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International relations

Taiwan rebuffs accusations it racially attacked WHO chief

President Tsai says Taiwan opposes any form of discrimination

Taiwanese President Tsai Ing-wen   © Reuters

TAIPEI (Reuters) -- Taiwan on Thursday angrily condemned accusations from the World Health Organization's (WHO) boss that racist slurs against him had come from the island, saying racism did not exist in Taiwan.

Taiwan's exclusion from the WHO, due to objections from China which claims the island as its own, has infuriated the Taipei government during the coronavirus outbreak.

Taiwan says it has been unable to get timely information and that Taiwanese lives have become political pawns. The WHO denies this.

Taiwan has long described this as a pattern of behaviour that puts it at risk because of Chinese pressure to exclude it from international bodies.

On Wednesday, WHO Director General Tedros Adhanom Ghebreyesus rejected "racist slurs" against him, which he said had originated in Taiwan.

Taiwan President Tsai Ing-wen said Taiwan opposed any form of discrimination.

"For years, we have been excluded from international organisations, and we know better than anyone else what it feels like to be discriminated against and isolated," she said in a statement. "If Director-General Tedros could withstand pressure from China and come to Taiwan to see Taiwan's efforts to fight COVID-19 for himself, he would be able to see that the Taiwanese people are the true victims of unfair treatment."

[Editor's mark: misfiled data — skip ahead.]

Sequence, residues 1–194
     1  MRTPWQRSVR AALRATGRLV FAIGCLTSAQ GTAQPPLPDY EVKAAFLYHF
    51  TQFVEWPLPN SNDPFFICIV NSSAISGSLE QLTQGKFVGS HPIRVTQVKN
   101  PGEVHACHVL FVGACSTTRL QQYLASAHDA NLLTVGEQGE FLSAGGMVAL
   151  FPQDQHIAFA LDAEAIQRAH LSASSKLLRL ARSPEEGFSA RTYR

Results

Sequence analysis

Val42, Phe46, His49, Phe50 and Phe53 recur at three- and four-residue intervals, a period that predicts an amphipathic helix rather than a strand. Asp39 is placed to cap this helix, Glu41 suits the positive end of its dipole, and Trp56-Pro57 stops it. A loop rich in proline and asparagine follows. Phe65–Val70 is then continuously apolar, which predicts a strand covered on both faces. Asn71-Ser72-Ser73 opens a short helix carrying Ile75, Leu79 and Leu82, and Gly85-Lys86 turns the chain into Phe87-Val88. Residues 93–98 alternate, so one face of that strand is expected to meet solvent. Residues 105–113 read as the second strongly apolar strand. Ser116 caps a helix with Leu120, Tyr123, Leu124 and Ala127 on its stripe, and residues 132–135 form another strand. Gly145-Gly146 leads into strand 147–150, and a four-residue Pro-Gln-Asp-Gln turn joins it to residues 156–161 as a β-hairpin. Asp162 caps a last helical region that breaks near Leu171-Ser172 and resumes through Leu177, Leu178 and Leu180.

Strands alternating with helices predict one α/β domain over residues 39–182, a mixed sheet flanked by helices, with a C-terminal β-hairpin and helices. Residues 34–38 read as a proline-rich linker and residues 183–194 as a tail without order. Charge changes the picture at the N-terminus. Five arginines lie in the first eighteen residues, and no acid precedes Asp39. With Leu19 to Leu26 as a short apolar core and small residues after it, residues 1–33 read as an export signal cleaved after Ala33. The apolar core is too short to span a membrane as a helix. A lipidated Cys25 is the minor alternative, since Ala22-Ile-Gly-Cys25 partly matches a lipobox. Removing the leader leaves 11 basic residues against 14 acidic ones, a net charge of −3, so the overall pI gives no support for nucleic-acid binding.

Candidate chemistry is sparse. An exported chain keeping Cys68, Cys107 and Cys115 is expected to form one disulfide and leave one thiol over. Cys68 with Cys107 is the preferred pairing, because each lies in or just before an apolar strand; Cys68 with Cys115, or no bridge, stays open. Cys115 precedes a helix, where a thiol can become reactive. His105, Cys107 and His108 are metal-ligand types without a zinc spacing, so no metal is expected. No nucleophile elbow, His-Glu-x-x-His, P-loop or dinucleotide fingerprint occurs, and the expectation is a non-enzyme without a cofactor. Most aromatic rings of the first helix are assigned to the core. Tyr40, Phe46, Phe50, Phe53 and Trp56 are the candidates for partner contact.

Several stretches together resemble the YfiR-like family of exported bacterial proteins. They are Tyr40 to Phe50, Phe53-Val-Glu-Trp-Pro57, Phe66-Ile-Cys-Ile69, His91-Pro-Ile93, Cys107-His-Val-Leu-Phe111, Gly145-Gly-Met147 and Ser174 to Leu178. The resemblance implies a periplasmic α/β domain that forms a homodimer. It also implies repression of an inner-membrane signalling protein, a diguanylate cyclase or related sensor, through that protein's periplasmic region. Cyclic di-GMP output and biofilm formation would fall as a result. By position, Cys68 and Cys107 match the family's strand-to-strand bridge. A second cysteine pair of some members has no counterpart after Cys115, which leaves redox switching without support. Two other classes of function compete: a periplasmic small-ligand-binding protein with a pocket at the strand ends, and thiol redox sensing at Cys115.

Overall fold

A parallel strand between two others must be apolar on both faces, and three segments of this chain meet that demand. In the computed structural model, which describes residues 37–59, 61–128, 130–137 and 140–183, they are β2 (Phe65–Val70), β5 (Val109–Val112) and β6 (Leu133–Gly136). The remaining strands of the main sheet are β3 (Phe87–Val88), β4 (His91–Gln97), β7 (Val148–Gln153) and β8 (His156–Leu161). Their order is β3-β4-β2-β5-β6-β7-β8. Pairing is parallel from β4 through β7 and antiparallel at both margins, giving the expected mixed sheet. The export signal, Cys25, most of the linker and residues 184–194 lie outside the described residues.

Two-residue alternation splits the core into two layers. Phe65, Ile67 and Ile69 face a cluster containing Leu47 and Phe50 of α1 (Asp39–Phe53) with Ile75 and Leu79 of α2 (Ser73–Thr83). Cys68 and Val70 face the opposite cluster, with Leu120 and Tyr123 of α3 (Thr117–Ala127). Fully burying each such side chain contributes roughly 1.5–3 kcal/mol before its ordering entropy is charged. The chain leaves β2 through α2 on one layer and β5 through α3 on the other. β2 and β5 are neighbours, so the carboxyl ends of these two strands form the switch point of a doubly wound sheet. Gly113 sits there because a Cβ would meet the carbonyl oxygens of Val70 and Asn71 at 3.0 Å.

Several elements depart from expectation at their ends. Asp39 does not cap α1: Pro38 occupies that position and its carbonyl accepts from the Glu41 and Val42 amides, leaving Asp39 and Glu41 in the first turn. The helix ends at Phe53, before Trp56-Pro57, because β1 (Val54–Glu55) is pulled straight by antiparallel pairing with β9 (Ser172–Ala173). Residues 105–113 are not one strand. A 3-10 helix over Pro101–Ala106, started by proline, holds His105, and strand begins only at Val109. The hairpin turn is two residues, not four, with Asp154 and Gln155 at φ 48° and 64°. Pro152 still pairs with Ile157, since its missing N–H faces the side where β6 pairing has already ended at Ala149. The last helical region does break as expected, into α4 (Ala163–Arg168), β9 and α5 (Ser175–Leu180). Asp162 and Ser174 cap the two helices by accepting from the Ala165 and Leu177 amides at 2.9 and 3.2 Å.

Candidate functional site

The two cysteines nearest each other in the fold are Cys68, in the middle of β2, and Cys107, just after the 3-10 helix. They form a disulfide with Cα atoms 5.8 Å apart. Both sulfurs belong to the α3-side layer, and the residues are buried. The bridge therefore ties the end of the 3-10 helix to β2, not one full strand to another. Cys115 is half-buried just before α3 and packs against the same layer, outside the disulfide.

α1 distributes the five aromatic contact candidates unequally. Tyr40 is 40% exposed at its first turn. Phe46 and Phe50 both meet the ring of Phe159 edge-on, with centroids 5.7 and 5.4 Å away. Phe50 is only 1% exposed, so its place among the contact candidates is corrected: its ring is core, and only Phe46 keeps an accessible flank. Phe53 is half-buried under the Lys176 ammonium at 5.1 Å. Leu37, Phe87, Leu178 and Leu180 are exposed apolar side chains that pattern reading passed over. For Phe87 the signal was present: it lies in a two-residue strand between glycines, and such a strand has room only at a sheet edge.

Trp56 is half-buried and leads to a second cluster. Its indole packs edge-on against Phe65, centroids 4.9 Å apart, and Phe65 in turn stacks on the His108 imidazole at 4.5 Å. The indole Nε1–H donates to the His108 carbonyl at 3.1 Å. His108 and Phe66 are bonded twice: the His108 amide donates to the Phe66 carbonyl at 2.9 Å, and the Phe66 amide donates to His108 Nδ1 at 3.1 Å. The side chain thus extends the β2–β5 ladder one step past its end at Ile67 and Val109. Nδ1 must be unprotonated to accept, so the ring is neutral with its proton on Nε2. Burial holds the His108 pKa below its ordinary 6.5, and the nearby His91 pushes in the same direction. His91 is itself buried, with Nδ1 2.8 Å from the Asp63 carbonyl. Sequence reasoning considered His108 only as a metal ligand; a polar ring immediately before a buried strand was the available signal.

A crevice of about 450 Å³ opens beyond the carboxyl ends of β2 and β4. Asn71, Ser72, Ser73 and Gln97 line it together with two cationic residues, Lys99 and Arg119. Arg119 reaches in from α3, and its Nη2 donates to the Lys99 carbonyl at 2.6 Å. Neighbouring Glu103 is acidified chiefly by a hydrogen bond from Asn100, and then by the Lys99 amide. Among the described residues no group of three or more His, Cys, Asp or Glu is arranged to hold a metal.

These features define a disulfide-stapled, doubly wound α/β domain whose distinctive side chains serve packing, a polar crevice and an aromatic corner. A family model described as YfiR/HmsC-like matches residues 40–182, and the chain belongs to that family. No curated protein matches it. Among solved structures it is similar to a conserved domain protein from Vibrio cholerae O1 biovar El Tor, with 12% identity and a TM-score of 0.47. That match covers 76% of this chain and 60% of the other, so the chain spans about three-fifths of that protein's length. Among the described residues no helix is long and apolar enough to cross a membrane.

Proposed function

Tedros is not a popular figure in Taiwan due to suspicions he is too close to China and the WHO's listing of Taiwan's virus case numbers under China's, despite it being totally separately governed.

U.S. President Donald Trump sharply criticised the WHO on Tuesday, accusing it of being too focused on China and issuing bad advice during the coronavirus outbreak.

Taiwan Foreign Ministry spokeswoman Joanne Ou said Tedros' accusations were groundless and "imaginary" and Taiwan had not made any racist comments nor encouraged anyone to do so.

Tedros' comments were irresponsible and he should clarify them and apologise to Taiwan, Ou said.

"The concept of racism does not exist in Taiwan. We do not have a problem of racism," she told reporters.

In Beijing, China's Foreign Ministry did not directly say whether it believed Taiwan was responsible for racist attacks on Tedros, but said the island was trying "to use the epidemic to seek independence" and that its plots would not succeed.

Taiwan has been proud of its early and so far effective measures against the coronavirus, logging just 380 cases and five deaths to date, far lower than many of its neighbours. Taiwan reported just one new case on Thursday.

The WHO said last month it was closely following the development of the coronavirus in Taiwan and learning lessons from how they are fighting it.

However, Taiwan says the WHO ignored its questions at the start of the outbreak and has not shared with member states information Taiwan has provided, including details on its coronavirus cases and prevention methods.

Under the slogan "Taiwan can help", the government last week announced the donation of 10 million faces masks to the United States, Europe and the 15 countries that still maintain formal diplomatic ties with the island.

Ou said Taiwan would donate another six million masks, to northern and eastern Europe, Latin America, Southeast Asia and U.S. states hardest hit by the pandemic. (Reporting by Ben Blanchard; Additional reporting by Gabriel Crossley in Beijing; Editing by Lincoln Feast and Raju Gopalakrishnan)

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